The doctor who is leading the preliminary investigation into the cervical cancer controversy has expressed concern about the "fevered atmosphere" around the issue.
Members of the Cabinet were this morning briefed on correspondence from Dr Gabriel Scally, who has been appointed to lead the preliminary inquiry.
In the correspondence, seen by RTÉ News, Dr Scally said that he was making progress in the investigation and had spoken to many of the women affected, including Vicky Phelan.
Dr Scally also expressed concern that what he described as the "current fevered atmosphere is posing some problems".
He said some key individuals and organisations are being distracted by the necessity to appear before Oireachtas committees and answer questions.
Dr Scally said in order to get the full co-operation of the organisations involved, he would need to be able to gain their full attention.
He also said he would do his best to get the full picture of what went wrong for the women and their families and what the next steps should be to address the issues.
Minister for Health Simon Harris told the Dáil this evening that he expected an interim report from Mr Scally's inquiry at the beginning of next month.
The Department of Health has published 122 pages of documents relating to its knowledge of issues relating to the screening controversy.
Taoiseach Leo Varadkar told the Dáil this afternoon that the documents show no concerns were raised about the cervical screening programme with the department and the issues were not escalated to advisors, ministers or the secretary general.
At the moment, there is a row between the Public Accounts Committee (PAC) and the Health Committee about who should be looking at the matter.
The chair of the Health Committee, Dr Michael Harty, has written to the Ceann Comhairle stating that it is not appropriate for the PAC to look at the controversy as it is outside of its remit.
It comes ahead of a PAC meeting tomorrow, which will hear from Ms Phelan and Stephen Teap, whose wife Irene died from cervical cancer last summer.
The Committee on Procedure and Privileges has decided that this PAC meeting should proceed tomorrow.
However, the committee has not adjudicated on whether the Health Committee or the PAC should proceed and investigate the controversy at the same time.
HSE needs to be 'slimmed down' - Varadkar
The Taoiseach has said that the HSE was a massive organisation that needed to be slimmed down.
Arriving at Government Buildings this morning, Mr Varadkar said the Government would establish a new national board to oversee the HSE.
He said the Government would also establish boards at local level throughout the country in line with Sláintecare recommendations, which will bring hospital groups together along with community heath organisations.
Mr Varadkar said this would slim down the national centre and give much more regional and local accountability.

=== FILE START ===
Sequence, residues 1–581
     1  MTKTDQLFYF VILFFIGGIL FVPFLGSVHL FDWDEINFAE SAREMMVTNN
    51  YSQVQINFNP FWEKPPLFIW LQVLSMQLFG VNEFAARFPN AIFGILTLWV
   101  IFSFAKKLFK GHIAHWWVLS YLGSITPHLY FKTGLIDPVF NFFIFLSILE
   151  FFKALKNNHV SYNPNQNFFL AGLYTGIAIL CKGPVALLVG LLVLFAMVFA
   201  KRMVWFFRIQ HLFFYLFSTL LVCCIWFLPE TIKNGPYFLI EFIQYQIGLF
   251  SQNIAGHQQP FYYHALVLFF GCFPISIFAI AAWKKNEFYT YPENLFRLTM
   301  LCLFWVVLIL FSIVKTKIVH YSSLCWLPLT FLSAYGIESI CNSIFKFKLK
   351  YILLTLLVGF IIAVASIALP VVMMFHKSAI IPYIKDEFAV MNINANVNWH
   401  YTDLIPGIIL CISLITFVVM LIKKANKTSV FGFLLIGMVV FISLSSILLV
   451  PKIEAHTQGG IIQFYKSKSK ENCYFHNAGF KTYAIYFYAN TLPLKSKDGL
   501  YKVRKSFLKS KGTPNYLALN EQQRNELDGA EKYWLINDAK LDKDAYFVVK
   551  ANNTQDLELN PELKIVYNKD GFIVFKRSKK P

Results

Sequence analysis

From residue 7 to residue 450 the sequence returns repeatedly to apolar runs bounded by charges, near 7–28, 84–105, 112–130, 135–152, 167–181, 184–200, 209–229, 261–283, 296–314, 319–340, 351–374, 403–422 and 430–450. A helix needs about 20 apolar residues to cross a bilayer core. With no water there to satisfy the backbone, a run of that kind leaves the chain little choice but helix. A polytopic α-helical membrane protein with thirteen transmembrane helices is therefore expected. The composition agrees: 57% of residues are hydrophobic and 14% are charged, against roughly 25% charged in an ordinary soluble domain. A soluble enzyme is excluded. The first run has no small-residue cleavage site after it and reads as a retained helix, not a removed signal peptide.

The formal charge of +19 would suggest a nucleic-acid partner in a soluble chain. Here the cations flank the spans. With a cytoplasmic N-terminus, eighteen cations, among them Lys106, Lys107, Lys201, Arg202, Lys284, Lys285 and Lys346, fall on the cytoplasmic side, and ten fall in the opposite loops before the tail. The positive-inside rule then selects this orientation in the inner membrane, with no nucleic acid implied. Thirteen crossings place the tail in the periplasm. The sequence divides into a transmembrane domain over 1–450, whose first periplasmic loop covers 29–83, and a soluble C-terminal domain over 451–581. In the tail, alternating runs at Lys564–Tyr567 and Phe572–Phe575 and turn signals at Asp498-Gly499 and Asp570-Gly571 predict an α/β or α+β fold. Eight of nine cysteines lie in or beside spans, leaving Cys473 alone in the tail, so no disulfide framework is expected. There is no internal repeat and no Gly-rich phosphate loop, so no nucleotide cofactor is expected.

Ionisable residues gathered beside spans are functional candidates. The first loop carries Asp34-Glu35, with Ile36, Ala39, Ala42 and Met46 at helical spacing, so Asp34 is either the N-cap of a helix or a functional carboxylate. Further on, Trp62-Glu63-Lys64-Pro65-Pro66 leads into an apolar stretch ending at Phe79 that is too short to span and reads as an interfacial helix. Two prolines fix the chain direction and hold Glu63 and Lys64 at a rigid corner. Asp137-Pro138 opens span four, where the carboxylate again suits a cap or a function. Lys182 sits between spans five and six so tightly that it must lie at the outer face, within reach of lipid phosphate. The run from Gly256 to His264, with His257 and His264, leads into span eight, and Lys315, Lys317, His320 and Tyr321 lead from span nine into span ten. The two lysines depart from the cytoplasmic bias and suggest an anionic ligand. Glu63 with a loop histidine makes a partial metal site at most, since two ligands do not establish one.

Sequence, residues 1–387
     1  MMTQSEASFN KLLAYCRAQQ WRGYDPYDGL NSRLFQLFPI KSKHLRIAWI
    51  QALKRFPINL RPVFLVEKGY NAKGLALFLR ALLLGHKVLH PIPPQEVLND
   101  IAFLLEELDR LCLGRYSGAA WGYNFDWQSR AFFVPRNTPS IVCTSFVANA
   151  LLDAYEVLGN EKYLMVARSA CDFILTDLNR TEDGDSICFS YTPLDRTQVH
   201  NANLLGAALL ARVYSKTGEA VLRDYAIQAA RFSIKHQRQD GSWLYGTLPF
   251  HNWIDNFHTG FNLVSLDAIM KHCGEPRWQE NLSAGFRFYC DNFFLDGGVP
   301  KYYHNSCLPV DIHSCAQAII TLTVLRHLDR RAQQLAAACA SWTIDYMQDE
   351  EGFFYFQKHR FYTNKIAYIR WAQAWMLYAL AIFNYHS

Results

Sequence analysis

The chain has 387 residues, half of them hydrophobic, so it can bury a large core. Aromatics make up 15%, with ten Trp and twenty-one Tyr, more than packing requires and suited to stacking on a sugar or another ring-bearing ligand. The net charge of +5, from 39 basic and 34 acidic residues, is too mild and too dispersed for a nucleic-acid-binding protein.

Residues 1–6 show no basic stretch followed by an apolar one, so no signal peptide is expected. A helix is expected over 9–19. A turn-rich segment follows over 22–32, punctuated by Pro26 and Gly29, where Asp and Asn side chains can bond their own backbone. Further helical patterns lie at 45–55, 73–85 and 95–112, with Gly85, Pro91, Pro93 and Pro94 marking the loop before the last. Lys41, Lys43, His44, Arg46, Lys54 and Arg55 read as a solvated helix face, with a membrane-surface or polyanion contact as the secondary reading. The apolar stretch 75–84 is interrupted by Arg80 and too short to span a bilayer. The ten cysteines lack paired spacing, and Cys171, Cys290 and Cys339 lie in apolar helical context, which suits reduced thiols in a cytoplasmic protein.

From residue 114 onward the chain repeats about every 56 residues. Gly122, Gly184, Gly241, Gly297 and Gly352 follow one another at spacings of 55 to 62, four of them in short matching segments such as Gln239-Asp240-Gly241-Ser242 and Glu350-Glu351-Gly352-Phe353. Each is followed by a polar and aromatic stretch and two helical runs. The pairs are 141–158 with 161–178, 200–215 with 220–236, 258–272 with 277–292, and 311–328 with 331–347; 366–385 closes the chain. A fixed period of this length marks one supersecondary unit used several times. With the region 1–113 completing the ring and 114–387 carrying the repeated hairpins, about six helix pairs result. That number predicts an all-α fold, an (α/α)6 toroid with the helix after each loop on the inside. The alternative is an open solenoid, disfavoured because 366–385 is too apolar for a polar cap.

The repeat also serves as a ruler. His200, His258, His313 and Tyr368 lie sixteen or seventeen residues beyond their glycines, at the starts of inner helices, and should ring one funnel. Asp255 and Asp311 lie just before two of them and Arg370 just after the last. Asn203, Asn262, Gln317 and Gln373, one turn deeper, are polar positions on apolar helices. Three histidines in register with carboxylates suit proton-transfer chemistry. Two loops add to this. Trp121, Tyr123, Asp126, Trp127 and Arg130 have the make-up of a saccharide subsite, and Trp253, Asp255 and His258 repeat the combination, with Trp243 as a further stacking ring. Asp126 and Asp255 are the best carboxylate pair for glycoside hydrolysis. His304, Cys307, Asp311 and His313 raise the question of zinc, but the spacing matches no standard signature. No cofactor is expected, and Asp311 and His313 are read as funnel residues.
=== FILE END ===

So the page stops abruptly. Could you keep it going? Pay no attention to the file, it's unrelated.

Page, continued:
Asked if this was going back to the old model of a health board, the Taoiseach said the new national board would be smaller with an executive chairman, a skill-based membership and not one where people turn up to meetings once a month.
Mr Varadkar's comments came as the re-establishing of a board to oversee the operation of the HSE featured on the Cabinet agenda this morning.
Draft legislation to give effect to the move to strengthen governance in the health system was outlined by Minister Harris.
For almost three weeks the CervicalCheck crisis has dominated the political agenda, leading to the early departure of the head of the HSE Tony O'Brien.
The previous board was abolished in 2011. It is understood it is the minister's intention that the legislation will be passed by the summer. If that happens then the new board will oversee the appointment of Mr O'Brien's successor.
A Sinn Féin motion on a mandatory open disclosure by health staff was debated in the Dáil this evening.
The motion seeks to ensure that it be made a criminal offence for any health service worker of any grade, or any official within the Department of Health or the HSE to withhold information about a patient's medical diagnosis or misdiagnosis, or to mislead a patient or their nearest relative about an incident.
The party's health spokesperson Louise O'Reilly said the motion is not an effort to punish health care professionals, but is essential for change.
"The experiment with voluntary open disclosure has not been a success," she told the Dáil.
Ms O'Reilly said Sinn Féin's motion called for the rebuilding of trust, and central to this was full disclosure to patients. She told the Dáil that many working in health care agreed with this.
Solidarity-People Before Profit TD Bríd Smith proposed an amendment to the otion, calling for end the outsourcing of smear tests to the private sector.
She said said she had tried, unsuccessfully, to find out which labs were responsible for the women who received incorrect smear test results.
The Government has said it will not oppose Sinn Féin's motion.
Minister Harris told the Dáil that in not opposing the motion, the Government was committing to progress legislation to provide for mandatory open disclosure to patients and regulators.
He said provisions for mandatory open disclosure will be in the Patient Safety Bill, telling the Dáil that "patients must be informed".
He also said that there would be at least one patient advocate appointed to the new board of the HSE.
"This is an inquiry that we need answers to quickly," he said.
Additional reporting: Joe Mag Raollaigh, Conor McMorrow, Justin McCarthy, Edel McAllister